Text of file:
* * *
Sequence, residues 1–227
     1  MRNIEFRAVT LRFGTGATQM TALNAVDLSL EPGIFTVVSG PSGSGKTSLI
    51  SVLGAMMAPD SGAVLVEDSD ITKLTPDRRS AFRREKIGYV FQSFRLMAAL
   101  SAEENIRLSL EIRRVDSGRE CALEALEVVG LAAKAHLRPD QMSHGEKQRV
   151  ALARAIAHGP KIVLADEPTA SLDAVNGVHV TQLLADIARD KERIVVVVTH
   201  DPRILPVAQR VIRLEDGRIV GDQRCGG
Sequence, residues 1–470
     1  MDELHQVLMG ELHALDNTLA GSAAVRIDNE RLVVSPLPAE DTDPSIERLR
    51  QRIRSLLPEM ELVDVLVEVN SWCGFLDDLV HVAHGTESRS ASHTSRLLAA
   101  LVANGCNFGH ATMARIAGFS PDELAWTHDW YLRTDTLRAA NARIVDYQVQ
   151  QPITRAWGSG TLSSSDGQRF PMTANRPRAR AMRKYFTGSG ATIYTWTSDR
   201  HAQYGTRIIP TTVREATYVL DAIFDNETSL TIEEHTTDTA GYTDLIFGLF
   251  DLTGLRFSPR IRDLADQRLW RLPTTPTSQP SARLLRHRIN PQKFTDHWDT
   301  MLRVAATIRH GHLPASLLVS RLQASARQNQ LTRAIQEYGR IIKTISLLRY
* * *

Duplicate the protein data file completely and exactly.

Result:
Sequence, residues 1–227
     1  MRNIEFRAVT LRFGTGATQM TALNAVDLSL EPGIFTVVSG PSGSGKTSLI
    51  SVLGAMMAPD SGAVLVEDSD ITKLTPDRRS AFRREKIGYV FQSFRLMAAL
   101  SAEENIRLSL EIRRVDSGRE CALEALEVVG LAAKAHLRPD QMSHGEKQRV
   151  ALARAIAHGP KIVLADEPTA SLDAVNGVHV TQLLADIARD KERIVVVVTH
   201  DPRILPVAQR VIRLEDGRIV GDQRCGG
Sequence, residues 1–470
     1  MDELHQVLMG ELHALDNTLA GSAAVRIDNE RLVVSPLPAE DTDPSIERLR
    51  QRIRSLLPEM ELVDVLVEVN SWCGFLDDLV HVAHGTESRS ASHTSRLLAA
   101  LVANGCNFGH ATMARIAGFS PDELAWTHDW YLRTDTLRAA NARIVDYQVQ
   151  QPITRAWGSG TLSSSDGQRF PMTANRPRAR AMRKYFTGSG ATIYTWTSDR
   201  HAQYGTRIIP TTVREATYVL DAIFDNETSL TIEEHTTDTA GYTDLIFGLF
   251  DLTGLRFSPR IRDLADQRLW RLPTTPTSQP SARLLRHRIN PQKFTDHWDT
   301  MLRVAATIRH GHLPASLLVS RLQASARQNQ LTRAIQEYGR IIKTISLLRY